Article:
From the stands there was something a little special about last Sunday.
I’ve been a part of bigger crowds at ANZ, and I’ve seen the Eels play better matches, but in terms of a regular season game that Tiger’s clash was one for my memory bank. The noise and atmosphere was simply brilliant.
This was a game in which the supporters and the players were as one. The Parramatta team, through pure effort and determination, dragged the fans into the game. In turn, the fans yelled themselves hoarse and helped the team to get over the line. It’s the jewel in the crown when everyone contributes in a total club victory.
From the stands there was a huge difference between Round 7 and Round 8. Against Manly, the team finally found their attacking mojo but the reality is that the opposition were a dispirited outfit. Some observers have even claimed that Manly played the Eels into form. Nonetheless, a win was all we really wanted so it was like winning the lottery.
On Sunday, the Eels showed a desire to play well individually, back themselves and ultimately back each other. They were disciplined. They took calculated risks, backing their team mates to execute. Importantly, when mistakes were made, especially with some really poor defensive reads, they didn’t drop their heads. As Brad Arthur demands – they made up for it. That’s my team and that’s a team I will always support and defend no matter the result.
Nothing exemplified this reborn spirit, desire, confidence and determination better than that Bevan French try.
Yes, it was brilliant to watch and ultimately very important – but my joy did not purely come from the brilliance. This young man has spent the last two weeks being crucified by many. In some circles his desire and attitude was questioned, very unjustly in my opinion. It was hard to watch and listen to commentators and some supporters question a young man who has demonstrated nothing but great skill, desire, humility, guts and team spirit from his very first game in 2016.
French responded the way any good sportsperson should, on the field. During the match, he got involved, went looking for work, backed his skill and answered the critics. Just as importantly, his team mates clearly showed how important Bevan is for this team and to them. They continually got him into the game and, while his skill was enough to nail that try, the work done by his teammates beforehand to give him the opportunity was just as exciting for me. To see how excited the other players were for Bevan when they rushed over to congratulate him showed me that my team is back from whatever strange place they visited in the first six rounds, so I’m going to simply sit back and enjoy the ride.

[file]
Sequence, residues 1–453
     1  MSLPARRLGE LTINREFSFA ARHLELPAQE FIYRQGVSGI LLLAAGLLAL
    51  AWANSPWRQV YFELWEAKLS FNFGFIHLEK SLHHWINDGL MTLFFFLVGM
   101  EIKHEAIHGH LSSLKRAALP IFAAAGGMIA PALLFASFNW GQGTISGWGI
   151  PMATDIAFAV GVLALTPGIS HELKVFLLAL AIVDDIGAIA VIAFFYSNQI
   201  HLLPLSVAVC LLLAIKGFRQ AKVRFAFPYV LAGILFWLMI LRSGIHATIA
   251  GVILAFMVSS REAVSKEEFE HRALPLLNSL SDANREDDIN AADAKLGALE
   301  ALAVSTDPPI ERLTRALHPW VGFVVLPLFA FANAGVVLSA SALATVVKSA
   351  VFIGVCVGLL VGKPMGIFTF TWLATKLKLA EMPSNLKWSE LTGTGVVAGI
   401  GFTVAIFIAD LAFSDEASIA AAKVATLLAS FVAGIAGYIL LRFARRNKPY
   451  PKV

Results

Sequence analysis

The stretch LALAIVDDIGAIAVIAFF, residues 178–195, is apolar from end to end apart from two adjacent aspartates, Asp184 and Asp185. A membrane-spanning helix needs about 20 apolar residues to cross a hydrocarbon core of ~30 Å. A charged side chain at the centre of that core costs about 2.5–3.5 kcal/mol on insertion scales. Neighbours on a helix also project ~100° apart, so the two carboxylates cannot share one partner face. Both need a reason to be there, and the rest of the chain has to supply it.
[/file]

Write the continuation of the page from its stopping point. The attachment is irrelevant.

Realistically, the hole we have dug for ourselves is still very deep. The up side is that we’ve started climbing back towards the light and given ourselves a chance to salvage something from a season that promised so much, but up until the last two weeks delivered nothing but misery.
The salvage may not end up with finals footy, even though the dream is still alive, but it could uncover some hidden gems.
Look no further than a player whom, just four weeks ago, was known by most as simply Michael Jennings’ brother. He’s now earning his stripes as a very talented footballer in his own right. Indeed from the stands, George Jennings proved that he can handle the pressure of a tight NRL contest. He may just be one of the shining lights in what has, so far, been a somewhat dark year.
I have the belief that we may experience more light in the weeks to come.